How does amazon assign public IP address to its EC2 instance?

As this IP address is public means I can use it from anywhere and it is reachable from the internet which means that it is unique worldwide. As I read from the news that North America has exhausted all IPV4 addresses then how Amazon is still able to assign public IPV4 addresses to clients?

  • ARIN pool is depleted. Companies acquire ARIN blocks beforehand. Amazon has a large number of IP addresses pre-acquired and will have to cycle these.
    – Sathyajith Bhat
    Oct 20, 2015 at 8:41

1 Answer 1


Amazon Web Services has multiple pools of IPv4 addresses allocated, some of which contain over a million addresses.

See http://docs.aws.amazon.com/general/latest/gr/aws-ip-ranges.html

There are two ways to get a public IP address for an EC2 instance: from the dynamic pool and from the elastic pool.

Elastic IP addresses are associated with the AWS account. You are free to associate then with any instance, and to move them from one instance to another, though a nominal charge applies if you remap them more than the allowed number of remaps per month. No charge is levied for each elastic IP, unless you (a) leave it unattached to any instance, (b) bind it to an instance with an Elastic IP address already attached (charges apply for 2nd, 3rd, 4th, etc., on the same instance, but not the 1st). A nominal hourly charge applies to both of these conditions, to encourage efficient use of the available address space. A default limit of 5 Elastic IP addresses per region applies, but the limit will be increased when a request accompanied by an explanation of your use case is sent to AWS support. These addresses are not reclaimed by AWS for use by other customers until the account holder releases them.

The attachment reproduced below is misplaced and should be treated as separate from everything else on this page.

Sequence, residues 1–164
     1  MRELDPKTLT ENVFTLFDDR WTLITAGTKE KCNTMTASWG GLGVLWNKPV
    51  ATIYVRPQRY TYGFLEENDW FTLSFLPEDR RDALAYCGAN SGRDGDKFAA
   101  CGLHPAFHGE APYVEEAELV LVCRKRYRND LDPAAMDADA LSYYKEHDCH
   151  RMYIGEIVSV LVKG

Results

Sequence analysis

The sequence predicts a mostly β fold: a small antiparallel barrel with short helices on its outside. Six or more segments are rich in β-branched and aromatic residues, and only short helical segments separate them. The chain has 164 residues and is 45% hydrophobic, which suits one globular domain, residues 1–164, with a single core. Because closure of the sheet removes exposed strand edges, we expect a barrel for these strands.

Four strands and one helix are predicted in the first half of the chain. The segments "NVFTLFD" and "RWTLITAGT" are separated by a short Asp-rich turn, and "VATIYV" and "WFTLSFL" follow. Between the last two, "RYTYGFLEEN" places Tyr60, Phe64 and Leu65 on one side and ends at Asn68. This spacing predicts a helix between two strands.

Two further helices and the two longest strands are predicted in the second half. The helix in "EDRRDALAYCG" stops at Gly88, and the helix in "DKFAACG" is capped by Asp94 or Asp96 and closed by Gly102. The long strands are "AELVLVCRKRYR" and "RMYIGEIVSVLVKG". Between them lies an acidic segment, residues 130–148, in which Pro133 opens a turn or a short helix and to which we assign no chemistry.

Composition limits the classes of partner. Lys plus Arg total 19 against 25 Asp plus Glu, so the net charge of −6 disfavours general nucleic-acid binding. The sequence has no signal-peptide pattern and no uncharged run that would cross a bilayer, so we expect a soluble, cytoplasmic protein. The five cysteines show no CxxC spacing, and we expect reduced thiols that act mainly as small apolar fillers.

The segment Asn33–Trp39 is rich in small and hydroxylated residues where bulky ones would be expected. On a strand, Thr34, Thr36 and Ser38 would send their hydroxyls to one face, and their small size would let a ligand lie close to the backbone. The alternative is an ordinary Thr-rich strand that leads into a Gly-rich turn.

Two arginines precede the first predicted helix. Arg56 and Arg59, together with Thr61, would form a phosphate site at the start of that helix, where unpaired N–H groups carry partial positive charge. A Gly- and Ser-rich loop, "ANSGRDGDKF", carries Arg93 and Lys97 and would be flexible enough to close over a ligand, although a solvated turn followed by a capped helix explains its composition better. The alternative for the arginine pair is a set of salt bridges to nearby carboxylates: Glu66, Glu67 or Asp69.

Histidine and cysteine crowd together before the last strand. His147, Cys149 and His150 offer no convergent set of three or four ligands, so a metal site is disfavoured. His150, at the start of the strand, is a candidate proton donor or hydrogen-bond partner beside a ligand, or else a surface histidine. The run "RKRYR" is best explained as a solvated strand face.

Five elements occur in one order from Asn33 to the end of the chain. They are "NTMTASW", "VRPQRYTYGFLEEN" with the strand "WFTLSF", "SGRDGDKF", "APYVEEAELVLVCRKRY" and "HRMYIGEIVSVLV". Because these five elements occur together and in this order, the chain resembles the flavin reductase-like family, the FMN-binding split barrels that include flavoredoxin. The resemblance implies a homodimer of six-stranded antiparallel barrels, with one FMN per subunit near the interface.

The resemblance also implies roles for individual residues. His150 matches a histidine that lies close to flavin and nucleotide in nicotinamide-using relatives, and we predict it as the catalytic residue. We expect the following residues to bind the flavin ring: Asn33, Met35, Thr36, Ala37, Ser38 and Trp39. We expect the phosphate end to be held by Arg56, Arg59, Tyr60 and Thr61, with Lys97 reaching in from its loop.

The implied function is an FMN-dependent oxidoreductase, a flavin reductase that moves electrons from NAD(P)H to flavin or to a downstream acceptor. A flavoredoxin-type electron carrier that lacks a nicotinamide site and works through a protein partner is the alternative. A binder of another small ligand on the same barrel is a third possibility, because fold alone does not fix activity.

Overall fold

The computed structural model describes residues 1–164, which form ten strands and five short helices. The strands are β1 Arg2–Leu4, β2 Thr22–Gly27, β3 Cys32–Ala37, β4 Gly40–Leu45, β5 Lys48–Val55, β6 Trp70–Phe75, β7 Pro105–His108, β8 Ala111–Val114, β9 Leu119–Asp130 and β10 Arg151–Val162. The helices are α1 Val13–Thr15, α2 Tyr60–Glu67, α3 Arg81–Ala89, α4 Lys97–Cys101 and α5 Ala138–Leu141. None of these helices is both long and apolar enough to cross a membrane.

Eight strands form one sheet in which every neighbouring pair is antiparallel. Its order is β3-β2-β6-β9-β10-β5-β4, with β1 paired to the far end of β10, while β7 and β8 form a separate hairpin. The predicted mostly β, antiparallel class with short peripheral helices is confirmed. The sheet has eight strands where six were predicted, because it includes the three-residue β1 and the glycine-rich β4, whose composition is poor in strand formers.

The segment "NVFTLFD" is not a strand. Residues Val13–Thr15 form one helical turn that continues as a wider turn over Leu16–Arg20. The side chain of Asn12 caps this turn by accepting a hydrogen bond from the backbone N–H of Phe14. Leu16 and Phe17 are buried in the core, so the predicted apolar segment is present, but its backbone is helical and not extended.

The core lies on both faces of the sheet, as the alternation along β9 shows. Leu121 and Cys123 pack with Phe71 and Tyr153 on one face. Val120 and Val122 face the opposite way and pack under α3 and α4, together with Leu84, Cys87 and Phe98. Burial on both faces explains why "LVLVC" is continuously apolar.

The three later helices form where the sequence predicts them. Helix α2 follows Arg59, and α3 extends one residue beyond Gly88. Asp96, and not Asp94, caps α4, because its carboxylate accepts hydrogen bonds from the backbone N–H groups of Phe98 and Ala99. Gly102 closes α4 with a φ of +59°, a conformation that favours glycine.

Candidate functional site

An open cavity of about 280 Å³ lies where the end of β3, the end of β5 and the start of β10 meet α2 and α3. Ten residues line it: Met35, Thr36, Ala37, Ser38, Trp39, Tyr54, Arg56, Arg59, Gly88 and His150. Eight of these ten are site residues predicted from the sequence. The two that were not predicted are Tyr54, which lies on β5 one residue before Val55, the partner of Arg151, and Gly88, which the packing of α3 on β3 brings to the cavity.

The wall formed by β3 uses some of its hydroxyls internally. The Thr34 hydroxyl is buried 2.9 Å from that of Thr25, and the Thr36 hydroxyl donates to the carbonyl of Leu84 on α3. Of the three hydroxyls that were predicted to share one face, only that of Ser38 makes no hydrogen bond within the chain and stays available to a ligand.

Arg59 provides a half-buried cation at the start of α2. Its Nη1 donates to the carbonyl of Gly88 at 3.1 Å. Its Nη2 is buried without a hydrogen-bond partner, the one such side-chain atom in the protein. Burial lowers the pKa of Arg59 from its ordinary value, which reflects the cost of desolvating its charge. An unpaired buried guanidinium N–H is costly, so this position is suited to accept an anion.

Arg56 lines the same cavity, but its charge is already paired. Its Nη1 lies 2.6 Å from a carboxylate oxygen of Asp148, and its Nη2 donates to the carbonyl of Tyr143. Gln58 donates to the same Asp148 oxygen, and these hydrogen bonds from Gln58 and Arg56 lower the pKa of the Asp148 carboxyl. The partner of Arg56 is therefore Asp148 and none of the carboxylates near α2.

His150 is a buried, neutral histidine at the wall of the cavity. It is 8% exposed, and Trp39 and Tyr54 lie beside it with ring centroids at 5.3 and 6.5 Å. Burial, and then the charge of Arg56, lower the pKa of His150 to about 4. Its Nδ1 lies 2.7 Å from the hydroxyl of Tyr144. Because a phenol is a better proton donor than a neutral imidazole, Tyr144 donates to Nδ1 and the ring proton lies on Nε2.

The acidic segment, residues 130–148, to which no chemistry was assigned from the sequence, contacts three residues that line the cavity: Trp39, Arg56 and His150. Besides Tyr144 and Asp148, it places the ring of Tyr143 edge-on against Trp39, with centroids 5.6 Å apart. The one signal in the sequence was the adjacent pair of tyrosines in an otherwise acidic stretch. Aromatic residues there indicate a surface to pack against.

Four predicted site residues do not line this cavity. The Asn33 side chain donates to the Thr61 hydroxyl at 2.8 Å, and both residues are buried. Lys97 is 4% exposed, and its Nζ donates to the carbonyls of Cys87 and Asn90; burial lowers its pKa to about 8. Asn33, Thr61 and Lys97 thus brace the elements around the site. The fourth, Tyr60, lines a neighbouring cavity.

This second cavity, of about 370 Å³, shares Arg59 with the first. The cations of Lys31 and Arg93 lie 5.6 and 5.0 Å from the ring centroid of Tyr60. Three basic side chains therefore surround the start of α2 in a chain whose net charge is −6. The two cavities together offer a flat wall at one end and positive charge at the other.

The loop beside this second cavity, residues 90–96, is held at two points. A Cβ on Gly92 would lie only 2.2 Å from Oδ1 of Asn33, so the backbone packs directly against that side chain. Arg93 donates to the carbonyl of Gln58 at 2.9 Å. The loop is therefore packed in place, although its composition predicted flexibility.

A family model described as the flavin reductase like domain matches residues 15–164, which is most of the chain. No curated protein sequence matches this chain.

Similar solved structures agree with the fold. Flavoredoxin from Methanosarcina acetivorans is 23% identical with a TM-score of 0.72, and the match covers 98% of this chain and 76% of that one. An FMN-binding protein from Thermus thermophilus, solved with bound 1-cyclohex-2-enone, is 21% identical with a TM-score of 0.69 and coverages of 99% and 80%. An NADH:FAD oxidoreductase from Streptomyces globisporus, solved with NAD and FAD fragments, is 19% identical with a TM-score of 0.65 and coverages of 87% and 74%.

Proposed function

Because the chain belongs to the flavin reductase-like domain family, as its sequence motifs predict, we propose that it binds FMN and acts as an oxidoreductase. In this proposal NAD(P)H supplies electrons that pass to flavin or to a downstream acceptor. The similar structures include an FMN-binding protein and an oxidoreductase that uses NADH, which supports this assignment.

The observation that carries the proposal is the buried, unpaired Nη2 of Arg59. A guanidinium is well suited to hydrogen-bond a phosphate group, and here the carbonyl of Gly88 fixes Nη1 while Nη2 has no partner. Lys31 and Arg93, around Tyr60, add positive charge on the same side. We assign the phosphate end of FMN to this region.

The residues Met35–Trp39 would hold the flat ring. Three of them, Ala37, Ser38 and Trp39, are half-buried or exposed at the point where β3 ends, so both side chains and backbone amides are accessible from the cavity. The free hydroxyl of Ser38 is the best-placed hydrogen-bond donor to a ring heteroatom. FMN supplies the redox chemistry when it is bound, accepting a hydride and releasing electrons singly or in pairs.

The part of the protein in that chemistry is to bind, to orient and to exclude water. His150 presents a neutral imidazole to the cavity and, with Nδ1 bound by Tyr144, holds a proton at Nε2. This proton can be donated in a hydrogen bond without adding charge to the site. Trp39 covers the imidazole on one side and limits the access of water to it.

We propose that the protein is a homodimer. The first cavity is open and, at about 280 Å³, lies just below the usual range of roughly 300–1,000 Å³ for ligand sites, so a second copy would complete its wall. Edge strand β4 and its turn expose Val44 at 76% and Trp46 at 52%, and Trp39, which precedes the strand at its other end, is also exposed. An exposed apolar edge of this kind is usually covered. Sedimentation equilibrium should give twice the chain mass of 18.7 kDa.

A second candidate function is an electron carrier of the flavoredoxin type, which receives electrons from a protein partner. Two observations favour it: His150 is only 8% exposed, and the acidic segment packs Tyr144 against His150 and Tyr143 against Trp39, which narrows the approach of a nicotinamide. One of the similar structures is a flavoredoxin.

The addresses in the dynamic pool are attached to instances where you request that the instance have a public IP address, but not an Elastic IP. One of these addresses is assigned from the pool each time the instance is started. If the instance is terminated, the address is immediately reclaimed to the pool, where it can be reassigned to a different customer at any time. Even if you stop and don't terminate an instance with such an address, the address is immediately reclaimed by the pool. Restarting the instance will cause it to obtain a new public IP from the pool.

Within VPC, any number of instances can use a single public IP from either pool for their outbound Internet access, by binding the IP address to a "NAT instance" (technically Port Address Translation, a subset of NAT), which is an EC2 instance that serves as the default route toward the Internet for instances with only a private IP.

So, a combination of a large number of addresses already on hand, plus policies that encourage efficient use, is how AWS is able to accomplish this.

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